Roberto de Mattei
Christmas is not only a Western cultural tradition or a simple commemoration, dear to Christians of a historical fact that happened in Palestine 2015 years ago. Christmas is the moment in which the Redeemer of humanity presents Himself to us in a crib, asking us to adore Him as King and Lord of the universe. The Nativity, under this aspect, is one of the central mysteries of our faith, the door that permits us to enter into all the mysteries of Christ. Pope Leo the Great (440-461) writes: “He Who was invisible in His Nature made Himself visible in ours. The Incomprehensible wanted to be understood: He Who is before time, began to be in time; the Lord of the Universe, veiling His Majesty, received the form of a servant”. (Sermo in Nativitate Domini, II, § 2).
The manifestation in history of the Incarnate Word was also the hour of the greatest jubilation by the Angels. From the instant of their creation, at the dawn of the universe, they knew that God would have become man and they had adored Him, resplendent within the Most Holy Trinity. This Revelation had immediately separated the faithful angels and the rebels, heaven and earth, the children of light and those of the darkness. Finally the moment arrived at Bethlehem for the Angels to prostrate themselves before the Divine Infant, the cause and means of their perseverance, as Father Faber writes. The harmonies of the Gloria in excelsis inundated Heaven and earth, but were heard that night only by souls who lived in detachment from the world and in the love of God. Among these were the Shepherds of Bethlehem. They didn’t belong to the world of the rich and powerful, but in the solitude and the night vigils keeping their flocks, they had conserved the faith of Israel. They were simple men, open to the supernatural, and were not astonished by the Angel’s apparition, who, whilst shining a celestial light on them, said: “For behold, I bring you good tidings of great joy, that shall be to all the people: For, this day, is born to you a Saviour. Who is Christ the Lord, in the city of David. And this shall be a sign unto you. You shall find the infant wrapped in swaddling clothes and laid in a manger.” (Luke 2, 11-12).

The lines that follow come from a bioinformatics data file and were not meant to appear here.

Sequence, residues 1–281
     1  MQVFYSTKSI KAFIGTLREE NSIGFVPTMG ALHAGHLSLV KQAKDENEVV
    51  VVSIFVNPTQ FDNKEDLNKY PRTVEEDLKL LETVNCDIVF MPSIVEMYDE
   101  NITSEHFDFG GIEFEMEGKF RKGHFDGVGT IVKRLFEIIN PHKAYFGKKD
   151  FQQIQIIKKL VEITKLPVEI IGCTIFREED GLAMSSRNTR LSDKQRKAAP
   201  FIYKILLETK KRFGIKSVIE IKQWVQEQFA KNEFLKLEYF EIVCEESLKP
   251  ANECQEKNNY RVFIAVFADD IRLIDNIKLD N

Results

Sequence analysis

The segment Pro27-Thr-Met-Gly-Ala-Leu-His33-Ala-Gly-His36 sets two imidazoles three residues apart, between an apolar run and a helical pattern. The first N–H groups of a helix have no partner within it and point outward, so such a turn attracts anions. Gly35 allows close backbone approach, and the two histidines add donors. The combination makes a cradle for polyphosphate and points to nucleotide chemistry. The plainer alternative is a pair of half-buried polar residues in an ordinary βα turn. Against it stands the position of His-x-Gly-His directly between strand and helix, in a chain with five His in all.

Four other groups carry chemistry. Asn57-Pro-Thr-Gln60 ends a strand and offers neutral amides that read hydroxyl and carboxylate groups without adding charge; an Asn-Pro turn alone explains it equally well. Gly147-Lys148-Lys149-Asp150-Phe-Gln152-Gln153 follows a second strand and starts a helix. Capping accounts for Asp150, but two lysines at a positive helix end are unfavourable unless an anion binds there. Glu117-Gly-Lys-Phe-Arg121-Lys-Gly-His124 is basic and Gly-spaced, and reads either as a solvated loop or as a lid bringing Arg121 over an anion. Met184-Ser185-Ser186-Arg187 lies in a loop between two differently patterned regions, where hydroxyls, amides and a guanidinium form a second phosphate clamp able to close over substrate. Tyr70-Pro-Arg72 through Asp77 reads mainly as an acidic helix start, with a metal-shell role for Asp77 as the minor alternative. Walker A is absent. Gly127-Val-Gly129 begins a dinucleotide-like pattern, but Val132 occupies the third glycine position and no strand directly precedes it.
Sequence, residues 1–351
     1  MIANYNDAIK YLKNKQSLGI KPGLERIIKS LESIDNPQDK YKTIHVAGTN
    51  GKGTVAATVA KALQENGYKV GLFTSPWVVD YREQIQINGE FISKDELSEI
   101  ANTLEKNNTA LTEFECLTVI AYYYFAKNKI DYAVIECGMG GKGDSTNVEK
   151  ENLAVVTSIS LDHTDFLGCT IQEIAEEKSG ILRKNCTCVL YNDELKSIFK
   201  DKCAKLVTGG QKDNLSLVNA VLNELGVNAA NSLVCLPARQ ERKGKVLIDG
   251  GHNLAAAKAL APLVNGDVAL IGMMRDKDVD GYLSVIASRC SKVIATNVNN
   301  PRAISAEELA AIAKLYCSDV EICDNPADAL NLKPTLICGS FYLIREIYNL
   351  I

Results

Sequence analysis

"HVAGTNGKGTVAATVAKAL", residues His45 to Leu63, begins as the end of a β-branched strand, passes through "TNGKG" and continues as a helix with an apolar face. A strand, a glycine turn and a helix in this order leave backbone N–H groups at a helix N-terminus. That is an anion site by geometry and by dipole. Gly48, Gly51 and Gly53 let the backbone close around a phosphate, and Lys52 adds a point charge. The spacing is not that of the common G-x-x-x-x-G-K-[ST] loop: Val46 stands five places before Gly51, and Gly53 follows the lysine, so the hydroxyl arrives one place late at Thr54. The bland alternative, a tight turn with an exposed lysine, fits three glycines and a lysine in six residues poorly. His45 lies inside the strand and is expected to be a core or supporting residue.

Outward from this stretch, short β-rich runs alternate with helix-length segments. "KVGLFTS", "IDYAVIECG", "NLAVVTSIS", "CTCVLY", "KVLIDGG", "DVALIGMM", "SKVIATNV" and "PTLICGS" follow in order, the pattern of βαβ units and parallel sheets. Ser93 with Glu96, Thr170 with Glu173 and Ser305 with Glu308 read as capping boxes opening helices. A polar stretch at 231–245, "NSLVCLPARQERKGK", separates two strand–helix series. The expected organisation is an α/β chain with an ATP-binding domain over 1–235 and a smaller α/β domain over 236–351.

The Shepherds docilely followed the Angel’s indications and were led right to the Cave where they found The Baby in the manger, with Mary and St. Joseph: «Invenerunt Mariam, et Joseph et Infantem positum in Praesepio» (Luke 2, 16). They had the grace of being the first, after Mary and Joseph, to offer on earth, an external act of adoration to The Baby of Bethlehem. Adoring Him, they understood that in His apparent fragility, He was the promised Messiah, the King of the Universe. Christmas is the first affirmation of the Regality of Christ and the manger is his throne. The manger was also the treasure chest of Christian Civilization which then too was born and the Shepherds were its first prophets. This Civilization’s program was concentrated in the words that a myriad of Angels proclaimed that night: “ Glory to God in the highest; and on earth peace to men of good will” (Luke 2, 14).
With immense joy, the Shepherds went all over the place, into fields and mountains, announcing the glad news. «Omnes qui audierunt mirati sunt” (Luke 2, 18), everyone marveled [at this news], but not all of them set out for the cave in Bethlehem. Many were immersed in their occupations and renounced the effort that would have changed their lives, in time and eternity. Many others would pass in front of the Cave those days, and perhaps out of curiosity they peered into it, but they didn’t understand or didn’t want to understand the wonder of the event.